Now that I am developing flux, a space-age gadget for making hydroponics simple and efficient I can’t help but promote hydroponics everywhere — even and especially hydroponics from space!
This week NASA scientists harvested their first space-grown food, grown on water with nutrients using hydroponics.
This site is becoming a bit of an address for hydroponics, and we’re getting tonnes of inquiries on how it can be done. Locals in the Middle East tuned into sustainability issues know that hydroponics is a great solution for farming in desert locales.
So how do you get your urban farm on? So you say you want to grow food like an astronaut? Food that’s local, super-charged with vitamins and pest-free? You can always contact our friend Henry over in New York to custom-build you a hydroponics workshop or farm.
Or head over to New Jersey for a professional workshop put on by the experts and hydroponics suppliers of American Hydroponics.
Fall is a great time to visit New York City, and New Jersey is a short train or bus ride away. New Jersey is also making headlines since Aerofarms has started growing greens at a $30 million installation. The company first installed its systems in Jedda in 2011.
Study Hydroponics in the Garden State
Next month in September from the 20 to 22 hydroponics supply store American Hydroponics (click here for details) is offering a two-day course to show how it’s done. Included in the workshop is instruction by American Hydroponics founder Michael Christian and Lorraine Gibbons, from Garden State Urban Farms.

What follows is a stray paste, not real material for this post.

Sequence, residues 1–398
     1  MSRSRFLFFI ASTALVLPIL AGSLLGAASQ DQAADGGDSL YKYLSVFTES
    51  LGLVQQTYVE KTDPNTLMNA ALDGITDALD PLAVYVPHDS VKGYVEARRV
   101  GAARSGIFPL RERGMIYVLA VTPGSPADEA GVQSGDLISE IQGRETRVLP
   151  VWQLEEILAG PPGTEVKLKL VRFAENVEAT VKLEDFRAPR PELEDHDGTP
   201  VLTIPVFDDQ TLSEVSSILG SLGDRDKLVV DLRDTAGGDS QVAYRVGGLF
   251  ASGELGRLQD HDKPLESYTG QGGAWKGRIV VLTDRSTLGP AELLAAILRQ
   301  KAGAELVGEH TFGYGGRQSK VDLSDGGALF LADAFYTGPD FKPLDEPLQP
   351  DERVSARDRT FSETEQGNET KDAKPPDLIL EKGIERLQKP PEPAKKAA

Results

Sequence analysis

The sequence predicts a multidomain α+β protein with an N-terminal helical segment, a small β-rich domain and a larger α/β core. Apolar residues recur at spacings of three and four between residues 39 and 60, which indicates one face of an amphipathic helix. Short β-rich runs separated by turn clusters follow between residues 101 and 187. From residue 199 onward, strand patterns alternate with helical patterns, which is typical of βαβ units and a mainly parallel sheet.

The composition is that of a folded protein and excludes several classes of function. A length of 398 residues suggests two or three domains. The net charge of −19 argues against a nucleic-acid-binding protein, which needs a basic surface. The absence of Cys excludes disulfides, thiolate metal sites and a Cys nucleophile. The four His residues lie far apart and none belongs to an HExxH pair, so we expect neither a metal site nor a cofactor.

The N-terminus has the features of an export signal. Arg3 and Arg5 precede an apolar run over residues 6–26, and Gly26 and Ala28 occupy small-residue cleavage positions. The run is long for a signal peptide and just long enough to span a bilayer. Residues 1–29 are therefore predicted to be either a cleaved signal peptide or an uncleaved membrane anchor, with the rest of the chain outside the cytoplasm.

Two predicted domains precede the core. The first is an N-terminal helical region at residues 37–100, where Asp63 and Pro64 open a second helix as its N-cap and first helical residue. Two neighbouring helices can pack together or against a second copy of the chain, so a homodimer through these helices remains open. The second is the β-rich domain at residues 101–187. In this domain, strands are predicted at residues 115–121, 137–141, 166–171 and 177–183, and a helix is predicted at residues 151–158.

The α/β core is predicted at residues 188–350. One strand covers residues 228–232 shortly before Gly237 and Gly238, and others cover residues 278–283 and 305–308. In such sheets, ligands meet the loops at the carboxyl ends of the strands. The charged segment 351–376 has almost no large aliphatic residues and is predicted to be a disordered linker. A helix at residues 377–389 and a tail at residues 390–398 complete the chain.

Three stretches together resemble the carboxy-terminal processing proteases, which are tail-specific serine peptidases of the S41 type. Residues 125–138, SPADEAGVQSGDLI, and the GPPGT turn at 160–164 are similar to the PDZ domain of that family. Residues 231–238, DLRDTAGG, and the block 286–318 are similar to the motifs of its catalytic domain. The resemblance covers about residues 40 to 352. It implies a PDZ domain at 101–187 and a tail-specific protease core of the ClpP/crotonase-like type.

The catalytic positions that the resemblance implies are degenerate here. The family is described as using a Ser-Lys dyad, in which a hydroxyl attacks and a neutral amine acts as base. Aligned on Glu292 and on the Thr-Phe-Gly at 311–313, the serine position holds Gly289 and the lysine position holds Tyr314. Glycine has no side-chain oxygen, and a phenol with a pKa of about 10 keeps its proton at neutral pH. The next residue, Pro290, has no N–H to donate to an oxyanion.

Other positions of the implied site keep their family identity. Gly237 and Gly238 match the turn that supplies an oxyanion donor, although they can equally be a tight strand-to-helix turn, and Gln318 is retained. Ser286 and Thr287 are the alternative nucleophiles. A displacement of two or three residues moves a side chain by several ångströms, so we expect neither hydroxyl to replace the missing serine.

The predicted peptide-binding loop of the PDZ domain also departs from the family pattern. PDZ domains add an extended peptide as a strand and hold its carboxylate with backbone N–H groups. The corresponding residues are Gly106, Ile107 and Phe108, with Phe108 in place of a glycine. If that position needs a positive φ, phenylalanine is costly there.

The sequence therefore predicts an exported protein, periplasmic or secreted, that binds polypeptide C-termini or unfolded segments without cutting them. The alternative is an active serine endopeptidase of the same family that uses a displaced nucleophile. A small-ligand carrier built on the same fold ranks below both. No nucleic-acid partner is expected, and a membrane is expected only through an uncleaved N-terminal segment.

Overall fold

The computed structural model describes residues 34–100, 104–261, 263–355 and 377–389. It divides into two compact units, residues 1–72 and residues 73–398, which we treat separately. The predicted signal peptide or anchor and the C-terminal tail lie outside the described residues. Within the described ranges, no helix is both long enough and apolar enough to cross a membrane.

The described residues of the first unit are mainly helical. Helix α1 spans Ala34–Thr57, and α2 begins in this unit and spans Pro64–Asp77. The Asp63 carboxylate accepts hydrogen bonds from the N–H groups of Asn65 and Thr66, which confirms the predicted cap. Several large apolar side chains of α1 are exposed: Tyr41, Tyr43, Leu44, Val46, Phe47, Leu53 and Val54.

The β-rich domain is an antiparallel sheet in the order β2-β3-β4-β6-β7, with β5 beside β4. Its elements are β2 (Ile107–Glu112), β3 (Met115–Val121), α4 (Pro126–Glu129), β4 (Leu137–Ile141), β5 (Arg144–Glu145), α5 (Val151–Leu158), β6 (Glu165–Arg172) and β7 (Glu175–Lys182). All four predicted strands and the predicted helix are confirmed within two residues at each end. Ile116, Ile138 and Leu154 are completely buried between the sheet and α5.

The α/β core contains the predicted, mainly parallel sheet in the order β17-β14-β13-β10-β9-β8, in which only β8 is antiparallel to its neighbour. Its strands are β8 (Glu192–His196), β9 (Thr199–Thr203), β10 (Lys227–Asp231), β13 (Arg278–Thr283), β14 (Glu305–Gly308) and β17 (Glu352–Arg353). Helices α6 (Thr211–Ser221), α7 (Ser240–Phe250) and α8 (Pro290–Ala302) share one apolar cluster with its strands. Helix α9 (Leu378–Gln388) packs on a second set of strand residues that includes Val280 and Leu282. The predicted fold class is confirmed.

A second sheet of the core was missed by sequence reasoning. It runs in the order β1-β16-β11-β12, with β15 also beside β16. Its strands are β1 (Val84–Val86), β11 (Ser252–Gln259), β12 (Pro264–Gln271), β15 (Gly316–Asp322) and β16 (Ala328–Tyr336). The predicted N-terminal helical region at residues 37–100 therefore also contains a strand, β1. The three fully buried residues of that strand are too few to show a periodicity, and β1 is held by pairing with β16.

With businesses cropping up from Boston (see Freight Farms) to schools in Harlem using hydroponics to grow food and teach kids (see NY urban farmers story) now is a great time to get into the business and practice.
Testimonial on the American Hydroponics course here:
The course, which costs $995 and limited to 20 people, will give people the experience to start a small hydroponics farm in the city –– whether you live in Jeddah or with Jedis.
Yes, it’s not easy to fly into to New York if you aren’t in the region. And it’s not great for carbon emissions, but a good thing to do if you were planning on being in the New York area.
Over in Israel one of our friends Moti Cohen from LivinGreen puts on Friday hydroponics and aquaponics courses. He’s written the manual for aquaponics for the Food and Agriculture Organization of the UN. He’s also got a large urban farm growing on the roof of Dizengoff Center.
Poke around on your local meetups to see who’s growing hydroponic food. Chances are there is a local course on how to do it in the making. Feel free to contact us ([email protected]) if you want to get into the urban farming and hydroponics business. We have loads of contacts and inspiration that we’d love to share.